After a series of winter storms brought on by the “atmospheric rivers” hitting California, then flowing on towards us, we have more than enough snow. The Snotel near our mountain headquarters is measuring 160 per cent of average.
Our crew at the Powder Flat headquarters, Edgar and Alejandro, have been doing a great job of keeping all the animals safe and fed.
sheep in the corral
2022 lambs on feed
Pat with lambs
livestock guardian dog on the job
Do Not Enter
“Do Not Enter” the road to Powder Flat from the folks building the power line
Maria the llama with her sheepy friends
antelope gathering in a herd–a sign of a hard winter
Faithful readers may recall Solano, the pet lead sheep. Last spring he was featured on this blog as he traveled with his herder, Alejandro, and the yearling ewes on the Savery Stock Driveway. He was sporting a backpack that Alejandro had fashioned for him, though I’m not sure what it held.
He has been hard at work as a lead sheep, helping to convince his more suspicious cohorts to enter the corrals. Here is is with a group of lambs, getting ready to load and head for the feedlot.
Solano will soon rejoin Alejandro and this year’s yearling ewes. Alejandro is anxious to reunite with his pet and co-worker.
We’re almost done lambing and it’s time for docking the lambs and getting everyone ready for trailing and summer’s grazing on the Routt and Medicine Bow National Forests. Sheep are naturally long-tailed, and if those tails are not cut short early in life, they can have problems later with manure and flies. The assembly line process also includes earmarking, castrating the males, vaccinating for diseases and a stamp with a paint brand. The ewes also receive a fresh brand and everyone is counted. We usually run two docking lines with all hands on deck, and bring up a hot lunch and plenty of cold drinks.
Fall days are the time of year when the cattle and the sheep come down from their summer grazing on the the national forests. We bring them all to the Home Ranch, and sort them through the corrals. The ewes bring with them their whole entourage–herders, horses, Border collies, livestock guardian dogs. For a couple of weeks, we manage a rotating menagerie of sheep, dogs and–pigs? We keep a few feeder pigs over the summer to provide winter pork, but in the meantime the pigs consider themselves free-range critters who are likely to show up about anyplace. The guard dogs are suspicious of the pigs, but the pigs don’t care. I am reminded of “Babe” and wonder if we couldn’t train them to herd livestock. They are utterly indifferent to the dogs, who are puzzled by the pigs.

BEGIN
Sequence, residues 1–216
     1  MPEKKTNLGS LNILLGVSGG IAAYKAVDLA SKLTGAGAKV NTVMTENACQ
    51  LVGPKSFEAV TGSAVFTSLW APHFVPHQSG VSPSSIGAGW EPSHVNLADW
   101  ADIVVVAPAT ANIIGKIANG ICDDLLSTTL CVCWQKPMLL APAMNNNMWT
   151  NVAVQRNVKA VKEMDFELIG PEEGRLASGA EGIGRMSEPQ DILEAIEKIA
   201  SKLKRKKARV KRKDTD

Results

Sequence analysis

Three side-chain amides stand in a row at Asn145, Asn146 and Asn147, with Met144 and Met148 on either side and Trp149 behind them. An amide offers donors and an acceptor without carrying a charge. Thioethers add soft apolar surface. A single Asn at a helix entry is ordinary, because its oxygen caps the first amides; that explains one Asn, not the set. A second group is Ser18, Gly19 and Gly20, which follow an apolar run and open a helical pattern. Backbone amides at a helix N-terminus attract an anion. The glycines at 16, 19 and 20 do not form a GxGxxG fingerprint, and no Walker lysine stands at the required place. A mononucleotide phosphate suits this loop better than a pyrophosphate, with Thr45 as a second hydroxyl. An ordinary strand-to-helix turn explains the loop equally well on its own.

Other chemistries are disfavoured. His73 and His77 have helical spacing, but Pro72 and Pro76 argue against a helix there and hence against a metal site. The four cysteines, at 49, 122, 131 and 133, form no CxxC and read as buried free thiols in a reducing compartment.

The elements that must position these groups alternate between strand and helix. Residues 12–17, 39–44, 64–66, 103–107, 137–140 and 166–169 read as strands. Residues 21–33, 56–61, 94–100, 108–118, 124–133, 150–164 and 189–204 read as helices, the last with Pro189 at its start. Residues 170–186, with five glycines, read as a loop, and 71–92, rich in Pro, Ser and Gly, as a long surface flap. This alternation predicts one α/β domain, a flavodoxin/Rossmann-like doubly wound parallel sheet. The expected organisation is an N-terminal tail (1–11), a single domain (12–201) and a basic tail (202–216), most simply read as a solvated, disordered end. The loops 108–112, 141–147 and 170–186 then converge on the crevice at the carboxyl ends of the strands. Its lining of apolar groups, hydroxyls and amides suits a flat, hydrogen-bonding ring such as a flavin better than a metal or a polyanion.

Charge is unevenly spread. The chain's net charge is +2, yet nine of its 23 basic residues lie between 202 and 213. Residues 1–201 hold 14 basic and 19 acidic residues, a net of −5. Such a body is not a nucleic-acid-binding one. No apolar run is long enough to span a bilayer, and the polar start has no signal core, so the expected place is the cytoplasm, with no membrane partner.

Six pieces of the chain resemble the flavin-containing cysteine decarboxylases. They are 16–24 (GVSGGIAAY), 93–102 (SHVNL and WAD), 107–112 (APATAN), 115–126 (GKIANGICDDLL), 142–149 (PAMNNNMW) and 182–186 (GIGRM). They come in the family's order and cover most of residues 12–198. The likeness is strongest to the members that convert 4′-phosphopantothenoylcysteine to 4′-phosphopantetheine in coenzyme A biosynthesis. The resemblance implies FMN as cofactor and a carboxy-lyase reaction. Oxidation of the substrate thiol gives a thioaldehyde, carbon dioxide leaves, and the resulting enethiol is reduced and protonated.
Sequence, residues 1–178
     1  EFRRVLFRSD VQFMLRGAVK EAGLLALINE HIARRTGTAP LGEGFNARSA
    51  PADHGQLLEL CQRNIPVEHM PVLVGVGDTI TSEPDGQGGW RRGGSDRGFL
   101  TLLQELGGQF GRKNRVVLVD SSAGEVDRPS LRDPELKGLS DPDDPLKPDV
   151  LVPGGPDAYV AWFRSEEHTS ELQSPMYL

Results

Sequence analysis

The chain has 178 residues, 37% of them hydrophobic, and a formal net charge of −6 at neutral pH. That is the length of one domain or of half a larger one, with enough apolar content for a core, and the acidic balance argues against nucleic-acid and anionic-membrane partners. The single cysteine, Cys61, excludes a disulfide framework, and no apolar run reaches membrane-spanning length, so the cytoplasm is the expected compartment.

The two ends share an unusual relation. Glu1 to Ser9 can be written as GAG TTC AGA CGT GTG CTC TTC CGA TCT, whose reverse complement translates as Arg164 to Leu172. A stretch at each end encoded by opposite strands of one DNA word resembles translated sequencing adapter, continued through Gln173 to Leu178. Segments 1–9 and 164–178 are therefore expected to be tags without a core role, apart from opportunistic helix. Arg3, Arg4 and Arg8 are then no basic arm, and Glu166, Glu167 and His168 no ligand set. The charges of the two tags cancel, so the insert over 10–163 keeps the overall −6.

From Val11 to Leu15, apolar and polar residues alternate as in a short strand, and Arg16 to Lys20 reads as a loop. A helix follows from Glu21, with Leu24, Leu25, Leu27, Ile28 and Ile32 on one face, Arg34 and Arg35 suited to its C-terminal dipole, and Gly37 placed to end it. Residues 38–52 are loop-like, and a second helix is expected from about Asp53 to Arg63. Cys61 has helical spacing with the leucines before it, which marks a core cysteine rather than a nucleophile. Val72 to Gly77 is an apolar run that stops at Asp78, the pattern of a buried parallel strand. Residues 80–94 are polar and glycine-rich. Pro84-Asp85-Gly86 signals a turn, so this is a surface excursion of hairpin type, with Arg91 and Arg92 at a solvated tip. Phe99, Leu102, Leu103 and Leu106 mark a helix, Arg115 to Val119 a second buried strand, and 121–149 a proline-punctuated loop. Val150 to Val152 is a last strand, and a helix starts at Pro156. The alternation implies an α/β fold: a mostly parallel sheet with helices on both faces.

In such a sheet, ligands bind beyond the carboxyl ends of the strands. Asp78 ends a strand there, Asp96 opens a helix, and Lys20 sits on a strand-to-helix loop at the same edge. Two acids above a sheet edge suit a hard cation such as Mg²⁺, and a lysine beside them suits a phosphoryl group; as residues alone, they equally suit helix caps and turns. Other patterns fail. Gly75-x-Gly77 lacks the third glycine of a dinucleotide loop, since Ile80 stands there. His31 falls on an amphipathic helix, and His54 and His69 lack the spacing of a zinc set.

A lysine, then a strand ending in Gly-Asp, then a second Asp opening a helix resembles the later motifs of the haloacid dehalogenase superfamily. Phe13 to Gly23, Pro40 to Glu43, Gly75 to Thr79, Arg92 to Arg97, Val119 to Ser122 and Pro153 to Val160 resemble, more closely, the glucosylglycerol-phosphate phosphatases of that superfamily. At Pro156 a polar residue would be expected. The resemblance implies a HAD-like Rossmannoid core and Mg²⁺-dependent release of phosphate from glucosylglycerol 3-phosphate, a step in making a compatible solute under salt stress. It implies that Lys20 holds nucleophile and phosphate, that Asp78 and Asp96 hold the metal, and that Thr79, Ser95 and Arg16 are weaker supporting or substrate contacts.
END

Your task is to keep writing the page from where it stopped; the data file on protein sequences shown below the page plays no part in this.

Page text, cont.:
July 1st is the on-date for most of our sheep grazing permits on the National Forest. We have to stage them on since we have several bunches which graze on federal permits in the summer, and it is the on-date for our neighbors as well. They usually trail one day apart so we go up the line and move each camp to the next spot until everyone is settled
There is always a grateful sigh when we know we are through lambing, through docking and through trailing. The next challenge is withstanding the predators which view our ewes and lambs as tasty snacks, especially in a year when the deer population is low. My Dad’s cousin once said, “Well, you’re up there in the nice cool flies.”
Now we are up in the “nice cool bears.”
We have grass and we have water. The grazing greatly reduces the fuel load and the fire danger. We are worried about fire in this year’s drought conditions. So it begins.
Pulling the wagon and flagging the sheep up the road
It’s that time of year. We’re nearly through lambing, and now we need to dock all those baby lambs. This is to ensure their health and well-being in the future. We dock their tails, vaccinate, castrate and earmark. The whole process takes a few minutes, then the lambs run off to join their moms. We count, number and brand the ewes and check for health before trailing.
Patrick and Sharon O'Toole are ranchers in the Little Snake River Valley on the Wyoming-Colorado border. They represent the fourth generation on the six-generation family ranch. The O'Tooles raise cattle, sheep, horses, dogs and children on their high country ranching operation. The transhumance operation stretches from north of Steamboat Springs, Colorado to Wyoming's Red Desert.
Pat has served in the Wyoming House of Representatives, the Western Water Policy Commission, and is currently President of the Family Farm Alliance, representing irrigators and water users in the western United States. He is active with several conservation and agricultural organizations.
Sharon is a writer and poet. She writes extensively on western issues, and the relationship between landscape, animals and people. She is widely published as an author, essayist and editorial commentator.
Pat and Sharon have three children. Their daughter, Meghan and her husband Brian Lally, live on the ranch with their children, Siobhán, Seamus, Maeve and Tiarnán. Meghan has also served on the Wyoming Board of Agriculture and the Environmental Quality Council, She and Brian are active in community service.
Daughter Bridget lives in Phoenix with her husband, Chris Abel, where she works in health care communications. Chris works in the food distribution business.
Son Eamon and his wife Megan live on the ranch with their sons, McCoy and Rhen. Eamon is a horseman and natural resource manager, and Megan is a flight nurse. Eamon is a member of the Wyoming Beef Council and is active in the National Cattlemen's Beef Association.
The blog traces the activities and life on the ranch, from the mundane to the fabulous.